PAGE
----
I've lived all over this country (USA), while I was growing up and then after becoming an adult. When I was much younger, while in Southern California (2nd grade), I first spotted a Monarch chrysalis, about twenty feet up, in the crotch of a large ******** tree (Eucalyptus). I plucked it, along with the piece of bark it was attached to, and placed it in a glass fish bowl, where I observed it emerge. I was hooked. I asked my teacher about them, and she referred me to the library, where I learned much more. I soon was able to locate tiger caterpillars on milkweed plants that were growing on the edges of our school playground.
I've observed Monarch's and milkweed in many parts of the USA. Here in Southern Arizona (the desert southwest), there are only two species of milkweed that are native, Asclepias subulata and Asclepias albicans. There is also an invasive species of milkweed present, a vining one. These native milkweed species are rather restricted in their ranges, though many have been planted by the city of Tucson and Pima county in the landscaping associated with public roads in our area. I'm sure this is an effort to help increase habitat for Monarch and Queen butterflies. It is curious that the two native milkweed species only rarely have leaves, the plants are more usually just a roughly vase shaped collection of upright blue-green stems (2-3 feet high), with clusters of yellow-white flowers, then more typical milkweed seedpods and airborne seeds. When they do have leaves, the leaves are tiny and don't last long.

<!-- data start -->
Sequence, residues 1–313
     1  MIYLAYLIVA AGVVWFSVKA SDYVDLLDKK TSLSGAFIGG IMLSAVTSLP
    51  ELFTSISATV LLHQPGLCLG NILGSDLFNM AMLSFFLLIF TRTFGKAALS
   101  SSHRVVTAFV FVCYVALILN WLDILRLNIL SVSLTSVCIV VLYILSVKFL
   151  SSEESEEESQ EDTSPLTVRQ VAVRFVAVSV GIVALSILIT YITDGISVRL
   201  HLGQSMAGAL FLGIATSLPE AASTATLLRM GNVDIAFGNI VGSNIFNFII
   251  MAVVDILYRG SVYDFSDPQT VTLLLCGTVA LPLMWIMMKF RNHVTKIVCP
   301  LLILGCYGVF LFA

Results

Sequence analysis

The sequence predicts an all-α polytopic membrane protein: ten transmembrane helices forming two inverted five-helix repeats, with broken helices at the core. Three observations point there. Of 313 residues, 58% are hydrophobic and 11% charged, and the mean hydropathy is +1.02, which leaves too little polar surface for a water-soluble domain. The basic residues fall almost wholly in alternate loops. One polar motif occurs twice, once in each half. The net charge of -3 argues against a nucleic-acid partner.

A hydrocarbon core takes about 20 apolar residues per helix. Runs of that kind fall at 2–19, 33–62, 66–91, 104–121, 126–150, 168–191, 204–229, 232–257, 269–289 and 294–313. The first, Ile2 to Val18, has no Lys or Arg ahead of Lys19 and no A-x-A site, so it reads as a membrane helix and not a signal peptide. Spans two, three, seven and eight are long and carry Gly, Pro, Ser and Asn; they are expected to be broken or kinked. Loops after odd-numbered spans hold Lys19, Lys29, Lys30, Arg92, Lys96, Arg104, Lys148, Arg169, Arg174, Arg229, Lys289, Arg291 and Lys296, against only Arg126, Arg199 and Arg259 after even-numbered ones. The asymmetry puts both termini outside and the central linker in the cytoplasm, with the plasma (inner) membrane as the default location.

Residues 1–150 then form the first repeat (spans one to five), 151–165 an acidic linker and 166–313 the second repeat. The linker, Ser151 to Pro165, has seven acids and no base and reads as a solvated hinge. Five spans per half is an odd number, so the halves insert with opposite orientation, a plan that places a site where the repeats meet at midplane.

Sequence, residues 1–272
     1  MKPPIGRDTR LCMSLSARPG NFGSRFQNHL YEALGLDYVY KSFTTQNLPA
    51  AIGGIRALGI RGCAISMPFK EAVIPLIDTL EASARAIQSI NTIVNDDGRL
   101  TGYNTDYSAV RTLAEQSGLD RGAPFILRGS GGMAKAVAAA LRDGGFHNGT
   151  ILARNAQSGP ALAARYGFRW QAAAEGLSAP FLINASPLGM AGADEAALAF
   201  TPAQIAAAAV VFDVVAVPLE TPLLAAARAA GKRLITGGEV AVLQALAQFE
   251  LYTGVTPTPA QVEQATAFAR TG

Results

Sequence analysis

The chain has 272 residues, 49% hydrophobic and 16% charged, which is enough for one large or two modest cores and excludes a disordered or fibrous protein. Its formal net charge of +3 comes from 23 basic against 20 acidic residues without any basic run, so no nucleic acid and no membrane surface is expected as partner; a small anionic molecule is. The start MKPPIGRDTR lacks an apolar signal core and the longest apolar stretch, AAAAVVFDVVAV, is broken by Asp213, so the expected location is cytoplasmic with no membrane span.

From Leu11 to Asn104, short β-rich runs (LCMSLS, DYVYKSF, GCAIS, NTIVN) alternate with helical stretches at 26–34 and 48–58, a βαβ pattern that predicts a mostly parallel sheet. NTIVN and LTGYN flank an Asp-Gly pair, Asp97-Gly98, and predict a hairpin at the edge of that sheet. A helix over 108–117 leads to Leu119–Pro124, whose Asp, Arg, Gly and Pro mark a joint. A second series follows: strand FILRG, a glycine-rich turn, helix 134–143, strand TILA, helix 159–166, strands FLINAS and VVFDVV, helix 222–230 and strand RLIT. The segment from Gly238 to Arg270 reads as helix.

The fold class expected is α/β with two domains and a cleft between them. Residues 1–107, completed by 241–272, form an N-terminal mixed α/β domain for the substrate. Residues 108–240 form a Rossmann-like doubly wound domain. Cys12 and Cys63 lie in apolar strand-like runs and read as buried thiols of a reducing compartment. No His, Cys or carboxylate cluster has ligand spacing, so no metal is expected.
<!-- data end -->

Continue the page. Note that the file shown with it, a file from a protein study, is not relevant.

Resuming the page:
The only weed spraying I've noticed, is when they spot spray weeds that have invaded this landscaping (they use dye in the herbicide, so it's easy to notice when it's recently used).
In my flower garden, I have sweet clover, alfalfa, sainfoin, holy basil, moringa trees, butterfly bush (Buddleia davidii) and many different native and non-native milkweed species.
Usually there are many different kinds of butterflies, flies, bees (including honey bees), grasshoppers, leaf hoppers, praying mantids, walking sticks, hover flies, dragonflies, and many other insects, frequenting my small flower garden (most are planted in large drip irrigated pots). I have never used any pesticides in my garden. I even remove aphids and other pests, by hand, or with a small spray bottle of water.
I plan to ask the local extension office, to determine what they are using on the alfalfa. I suspect the alfalfa, since there has always been some alfalfa planted in this area, but only in the past 2-3 years has the acreage planted in it, skyrocketed. And, around here some of it is in bloom, every month of the year. So, in the winter months, it would be a major draw for insects that feed on nectar/pollen.
Here's to continued hope that this is simply a natural and cyclical issue, and nothing more. In the next few days, when I'm in town, I plan to stop at some of the local plant nurseries to see what insects are visiting their flowering plant, if any. I've done this often, in the past, and was always rewarded by the presence of many nectar/pollen foraging insects.